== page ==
Hemp farming on the rise in Oregon and CBD business continues to grow


Nearly 7 percent of Americans are already using cannabis oil, better known as CBD, according to a January consumer survey from Cowen & Co. It also predicts the market could reach $16 billion by 2025.

With the CBD boom only expected to continue, it has turned hemp into a real cash crop for farmers. That includes smaller farms that are planting their very first acre of hemp this season, competing in an industry that is exploding with potential.

Before it gets to your tincture, balm, a cup of coffee or craft cocktail, CBD starts in the soil. And the Oregon fields dedicated to hemp are on the rise.

The state has licensed 1,342 growers to plan 46,219 acres of hemp this year, according to the Oregon Department of Agriculture. That is nearly six times more than the 7,808 acres planted in 2018.

“We are definitely one of the leaders,” Anna Symonds said. “We do have an amazing climate for cannabis, but we also have a knowledgeable workforce because it’s been in the culture for so long.”  

Symonds is the Educational Director with East Fork Cultivars, an organic cannabis and hemp farmer, growing CBD-rich products in southern Oregon.

“Your source really matters; the way the plant is cultivated,” Symonds said. “We grow everything organically

The passage of the 2018 Farm Bill opened the floodgates for hemp-derived products by legalizing the production of hemp as an agricultural commodity, while removing it from the list of controlled substances. 

RELATED: House passes farm bill, sending it to Trump’s desk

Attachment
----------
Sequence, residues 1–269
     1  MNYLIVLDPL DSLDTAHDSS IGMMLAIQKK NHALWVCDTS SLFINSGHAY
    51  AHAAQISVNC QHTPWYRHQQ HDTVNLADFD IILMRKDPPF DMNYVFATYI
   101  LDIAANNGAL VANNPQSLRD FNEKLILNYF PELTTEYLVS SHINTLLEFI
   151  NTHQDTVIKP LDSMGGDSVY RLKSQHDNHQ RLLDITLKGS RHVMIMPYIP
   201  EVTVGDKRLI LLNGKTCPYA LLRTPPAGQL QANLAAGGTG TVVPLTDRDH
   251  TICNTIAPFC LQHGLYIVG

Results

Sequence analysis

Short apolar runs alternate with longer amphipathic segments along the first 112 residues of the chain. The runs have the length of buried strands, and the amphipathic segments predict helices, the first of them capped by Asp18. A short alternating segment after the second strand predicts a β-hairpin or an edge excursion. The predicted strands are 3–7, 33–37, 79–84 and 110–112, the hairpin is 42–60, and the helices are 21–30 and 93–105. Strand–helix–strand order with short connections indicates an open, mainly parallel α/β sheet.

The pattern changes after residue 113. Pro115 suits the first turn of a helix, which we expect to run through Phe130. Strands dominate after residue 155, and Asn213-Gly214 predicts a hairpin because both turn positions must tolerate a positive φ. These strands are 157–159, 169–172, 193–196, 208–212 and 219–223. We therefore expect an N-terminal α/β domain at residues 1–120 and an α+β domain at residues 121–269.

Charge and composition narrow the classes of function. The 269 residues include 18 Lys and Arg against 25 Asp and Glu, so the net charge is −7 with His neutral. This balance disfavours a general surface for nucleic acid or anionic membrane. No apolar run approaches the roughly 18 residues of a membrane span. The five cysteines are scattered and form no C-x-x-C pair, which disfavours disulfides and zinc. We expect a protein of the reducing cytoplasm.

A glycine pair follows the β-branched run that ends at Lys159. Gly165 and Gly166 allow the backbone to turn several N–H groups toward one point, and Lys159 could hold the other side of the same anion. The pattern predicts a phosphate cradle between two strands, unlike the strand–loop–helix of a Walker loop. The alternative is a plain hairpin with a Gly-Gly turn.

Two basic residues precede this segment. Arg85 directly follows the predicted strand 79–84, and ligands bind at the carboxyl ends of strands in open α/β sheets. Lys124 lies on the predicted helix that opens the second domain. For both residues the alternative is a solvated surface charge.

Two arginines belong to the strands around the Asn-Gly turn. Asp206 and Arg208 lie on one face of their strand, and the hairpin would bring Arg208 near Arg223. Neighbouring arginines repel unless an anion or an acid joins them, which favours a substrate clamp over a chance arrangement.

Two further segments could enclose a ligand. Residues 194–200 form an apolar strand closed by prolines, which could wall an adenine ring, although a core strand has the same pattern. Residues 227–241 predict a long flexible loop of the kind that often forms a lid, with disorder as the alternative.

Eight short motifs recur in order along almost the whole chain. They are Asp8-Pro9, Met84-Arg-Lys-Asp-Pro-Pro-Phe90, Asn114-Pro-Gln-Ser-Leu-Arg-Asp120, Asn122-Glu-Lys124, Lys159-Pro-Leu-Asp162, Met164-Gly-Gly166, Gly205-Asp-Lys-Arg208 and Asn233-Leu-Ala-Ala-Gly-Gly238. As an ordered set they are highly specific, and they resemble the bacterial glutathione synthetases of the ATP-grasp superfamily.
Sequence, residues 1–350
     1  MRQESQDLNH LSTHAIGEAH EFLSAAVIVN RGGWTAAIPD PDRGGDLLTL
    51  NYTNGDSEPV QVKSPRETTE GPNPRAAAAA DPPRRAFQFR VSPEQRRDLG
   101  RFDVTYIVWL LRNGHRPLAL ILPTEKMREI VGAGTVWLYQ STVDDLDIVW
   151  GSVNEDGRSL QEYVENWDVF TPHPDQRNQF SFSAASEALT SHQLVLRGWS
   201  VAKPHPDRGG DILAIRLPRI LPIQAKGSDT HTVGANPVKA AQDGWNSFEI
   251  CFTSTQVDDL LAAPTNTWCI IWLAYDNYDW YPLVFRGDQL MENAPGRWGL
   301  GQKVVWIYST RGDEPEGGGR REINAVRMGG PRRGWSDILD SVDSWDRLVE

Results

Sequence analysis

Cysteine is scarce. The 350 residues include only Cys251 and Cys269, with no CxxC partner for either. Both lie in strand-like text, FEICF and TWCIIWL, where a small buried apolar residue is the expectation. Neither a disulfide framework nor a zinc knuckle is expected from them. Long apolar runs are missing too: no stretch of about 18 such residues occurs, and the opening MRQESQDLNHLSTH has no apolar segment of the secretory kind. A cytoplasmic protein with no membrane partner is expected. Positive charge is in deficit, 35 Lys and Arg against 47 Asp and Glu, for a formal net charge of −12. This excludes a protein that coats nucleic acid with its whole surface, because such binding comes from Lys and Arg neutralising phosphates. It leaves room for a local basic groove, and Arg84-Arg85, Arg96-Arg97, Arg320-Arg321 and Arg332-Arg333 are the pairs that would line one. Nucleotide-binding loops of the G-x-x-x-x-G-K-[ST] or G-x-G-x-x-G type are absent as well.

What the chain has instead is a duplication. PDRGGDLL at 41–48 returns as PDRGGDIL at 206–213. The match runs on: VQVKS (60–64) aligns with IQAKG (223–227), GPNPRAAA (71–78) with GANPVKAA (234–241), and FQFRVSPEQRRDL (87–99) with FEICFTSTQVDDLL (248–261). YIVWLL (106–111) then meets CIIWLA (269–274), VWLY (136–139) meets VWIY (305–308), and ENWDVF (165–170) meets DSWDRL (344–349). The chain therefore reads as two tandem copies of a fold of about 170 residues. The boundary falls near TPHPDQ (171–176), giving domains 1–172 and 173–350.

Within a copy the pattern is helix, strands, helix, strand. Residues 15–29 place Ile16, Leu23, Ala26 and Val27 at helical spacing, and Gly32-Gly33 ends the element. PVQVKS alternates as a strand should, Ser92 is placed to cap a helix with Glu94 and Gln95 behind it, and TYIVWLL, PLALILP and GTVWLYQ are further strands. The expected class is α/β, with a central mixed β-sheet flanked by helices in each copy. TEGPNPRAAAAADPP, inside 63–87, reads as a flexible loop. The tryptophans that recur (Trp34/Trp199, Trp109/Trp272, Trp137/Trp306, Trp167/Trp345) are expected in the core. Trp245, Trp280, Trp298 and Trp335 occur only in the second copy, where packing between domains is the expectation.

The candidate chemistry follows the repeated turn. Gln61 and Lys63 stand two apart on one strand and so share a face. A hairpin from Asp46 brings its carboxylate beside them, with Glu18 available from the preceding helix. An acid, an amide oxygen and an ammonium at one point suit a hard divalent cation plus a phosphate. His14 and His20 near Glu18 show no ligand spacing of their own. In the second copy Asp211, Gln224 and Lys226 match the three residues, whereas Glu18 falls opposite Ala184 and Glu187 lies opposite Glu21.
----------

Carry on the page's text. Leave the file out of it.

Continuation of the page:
That gave CBD products room to bloom.

“Hemp farmers got a lot of access to traditional agricultural tools that we didn’t have before. Things like loans, and USDA certification and crop insurance,” Symonds said. “So, really a big deal.”

The boom of CBD has expanded its mission into what is called the “craft hemp” industry, according to Symonds.

Watch: CBD: What is it? Why do people take it? Who regulates it? 

“Oregon has such a strong affinity for craft products; whether that’s craft beer, or wine or distilleries or coffee roasting. All of those things,” she said. “And so with hemp, we’re seeing the same thing where we’re really breeding and producing some really high-quality hemp that is pretty special to our region.”

To foster that “craft” industry East Fork Cultivars are partnering with smaller farms such as Sauvie Island Growers, formally known as Sauvie Island Organics.

For more than two decades the small farm on Sauvie Island has provided Portland with fresh organic food.  Now, among the rows of greens and vegetables, you will find their first acre of hemp.

“We make sure to partner with companies who share our values around quality and ethics; to be environmentally responsible, socially responsible,” Symonds said.  

The partnership is part of East Fork Cultivars’ Organic Hemp Farm Network Pilot program.

“We’re banding together to grow at a scale that can compete with the larger corporately owned farms and keep our focus on environmental values and craft production.”  

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